Bruce from bioneural.net is taking geotagging blog posts to the next level by developing a web standard icon. Geotagging is the act of adding geographical metadata to a piece of content such as a blog post.
The first important step in geotagging blog posts was made by cyberhobo who developed a plugin for WordPress that makes it very easy to annotate your blog posts and automatically puts them on a Google Map.
This is what a map with geotagged blog posts could look like:
A more customized example of a geotagged blog map can be found on Shifting Pixels.
In this way blog posts could be location based but especially location aware, or as JoeLencioni puts it:
I think that geotagging may be more for posts that are about a certain location, not necessarily posted from a certain location. At least that’s how I’m using it–I’m tagging posts of photos with the locations they were taken.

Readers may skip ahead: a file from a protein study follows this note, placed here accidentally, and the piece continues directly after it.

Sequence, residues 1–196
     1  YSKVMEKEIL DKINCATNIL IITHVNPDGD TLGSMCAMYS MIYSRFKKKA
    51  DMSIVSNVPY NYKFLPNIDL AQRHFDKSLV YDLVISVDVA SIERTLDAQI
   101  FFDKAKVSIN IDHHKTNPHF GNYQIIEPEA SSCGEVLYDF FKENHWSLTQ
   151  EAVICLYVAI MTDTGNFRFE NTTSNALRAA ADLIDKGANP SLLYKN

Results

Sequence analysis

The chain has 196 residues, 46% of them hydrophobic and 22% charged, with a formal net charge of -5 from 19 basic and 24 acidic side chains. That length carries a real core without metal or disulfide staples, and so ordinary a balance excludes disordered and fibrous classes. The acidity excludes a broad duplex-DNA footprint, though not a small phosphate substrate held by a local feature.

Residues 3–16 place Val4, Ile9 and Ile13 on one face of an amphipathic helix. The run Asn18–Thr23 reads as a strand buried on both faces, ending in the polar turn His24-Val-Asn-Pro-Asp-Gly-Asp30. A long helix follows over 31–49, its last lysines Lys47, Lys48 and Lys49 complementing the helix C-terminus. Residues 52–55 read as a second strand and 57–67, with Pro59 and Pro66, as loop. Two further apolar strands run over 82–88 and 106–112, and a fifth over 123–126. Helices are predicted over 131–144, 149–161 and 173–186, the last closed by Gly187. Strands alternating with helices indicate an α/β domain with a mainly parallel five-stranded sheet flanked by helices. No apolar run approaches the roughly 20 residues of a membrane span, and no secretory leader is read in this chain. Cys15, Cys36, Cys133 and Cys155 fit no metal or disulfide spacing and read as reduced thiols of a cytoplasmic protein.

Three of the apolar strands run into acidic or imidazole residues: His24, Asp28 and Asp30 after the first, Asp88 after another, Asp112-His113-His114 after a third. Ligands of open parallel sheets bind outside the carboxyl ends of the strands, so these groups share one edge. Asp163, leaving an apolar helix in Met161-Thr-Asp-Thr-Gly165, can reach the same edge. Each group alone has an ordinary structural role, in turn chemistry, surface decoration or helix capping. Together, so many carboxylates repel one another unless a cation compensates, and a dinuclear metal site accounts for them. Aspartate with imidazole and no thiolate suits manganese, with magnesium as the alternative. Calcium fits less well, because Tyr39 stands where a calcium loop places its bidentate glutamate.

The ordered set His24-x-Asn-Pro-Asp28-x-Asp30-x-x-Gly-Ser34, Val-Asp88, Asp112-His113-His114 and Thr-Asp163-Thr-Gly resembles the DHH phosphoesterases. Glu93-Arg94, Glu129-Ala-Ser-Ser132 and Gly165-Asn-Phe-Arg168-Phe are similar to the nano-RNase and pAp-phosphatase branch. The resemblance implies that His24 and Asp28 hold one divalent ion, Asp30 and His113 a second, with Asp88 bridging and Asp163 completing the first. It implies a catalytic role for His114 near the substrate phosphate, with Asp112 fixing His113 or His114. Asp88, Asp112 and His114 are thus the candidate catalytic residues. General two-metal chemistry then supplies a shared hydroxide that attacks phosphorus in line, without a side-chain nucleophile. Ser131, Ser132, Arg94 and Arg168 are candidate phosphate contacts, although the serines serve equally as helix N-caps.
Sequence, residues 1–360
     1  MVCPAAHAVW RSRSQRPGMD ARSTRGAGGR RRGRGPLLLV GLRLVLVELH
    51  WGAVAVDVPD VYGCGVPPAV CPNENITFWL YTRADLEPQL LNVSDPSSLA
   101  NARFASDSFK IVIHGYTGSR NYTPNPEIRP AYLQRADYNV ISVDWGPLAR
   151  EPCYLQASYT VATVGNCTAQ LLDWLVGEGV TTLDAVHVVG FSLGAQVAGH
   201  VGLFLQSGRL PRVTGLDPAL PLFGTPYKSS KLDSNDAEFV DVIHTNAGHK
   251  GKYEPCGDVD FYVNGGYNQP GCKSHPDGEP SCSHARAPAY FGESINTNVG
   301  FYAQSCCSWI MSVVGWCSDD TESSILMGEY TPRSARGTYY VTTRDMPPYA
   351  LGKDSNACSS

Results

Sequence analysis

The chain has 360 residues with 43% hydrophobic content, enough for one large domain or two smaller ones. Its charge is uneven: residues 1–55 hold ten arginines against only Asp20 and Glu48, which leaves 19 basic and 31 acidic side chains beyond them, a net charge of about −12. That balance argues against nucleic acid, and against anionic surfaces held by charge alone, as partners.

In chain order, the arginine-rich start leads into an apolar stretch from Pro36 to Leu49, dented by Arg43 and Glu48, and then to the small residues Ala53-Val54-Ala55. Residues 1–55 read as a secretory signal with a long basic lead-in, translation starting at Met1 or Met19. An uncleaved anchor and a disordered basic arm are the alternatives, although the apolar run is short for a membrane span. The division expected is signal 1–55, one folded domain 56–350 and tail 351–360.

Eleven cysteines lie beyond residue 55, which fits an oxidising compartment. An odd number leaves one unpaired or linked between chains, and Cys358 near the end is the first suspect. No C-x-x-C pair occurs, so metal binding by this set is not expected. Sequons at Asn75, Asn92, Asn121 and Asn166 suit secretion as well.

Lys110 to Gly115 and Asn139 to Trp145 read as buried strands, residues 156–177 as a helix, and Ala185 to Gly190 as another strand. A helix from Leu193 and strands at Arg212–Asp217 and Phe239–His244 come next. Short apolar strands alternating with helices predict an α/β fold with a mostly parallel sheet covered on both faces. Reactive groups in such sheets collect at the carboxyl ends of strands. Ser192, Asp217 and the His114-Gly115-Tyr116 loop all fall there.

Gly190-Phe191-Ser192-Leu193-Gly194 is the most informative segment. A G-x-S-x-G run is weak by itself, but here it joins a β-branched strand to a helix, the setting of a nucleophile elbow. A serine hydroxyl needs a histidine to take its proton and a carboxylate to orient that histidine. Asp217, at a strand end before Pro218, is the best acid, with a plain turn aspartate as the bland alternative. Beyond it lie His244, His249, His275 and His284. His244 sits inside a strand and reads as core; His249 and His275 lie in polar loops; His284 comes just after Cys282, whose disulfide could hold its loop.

Plugins make it easier to geotag your posts and show them on a map. On top of that, the development of a specific geotag icon will very likely further develop the geoblogging trend by providing a clear and distinguishable icon. The icon and geotag information may be added to the end of the blog post:
The icon is still under construction and being made with the help and input from other geobloggers. The first draft resembles a brown pin in which the brown refers to the earth and the pin to the old habit of pinning down points on maps. The icon is designed to fit in with existing and established web icons. From left to right the proposed Geotag icon, the established Feed icon, the OPML icon, and the Share icon.
You can follow the development of the icon at Bruce’s blog and leave feedback or participate in the comments. Will the new standard icon further popularize the geotagging of blog posts?
Author: Anne Helmond
Anne is a New Media Lecturer at the University of Amsterdam. She participates as a blog researcher in the newly found Digital Methods Initiative of the University of Amsterdam. Anne also writes about blogging and academics on her personal blog and the collaborative Masters of Media blog.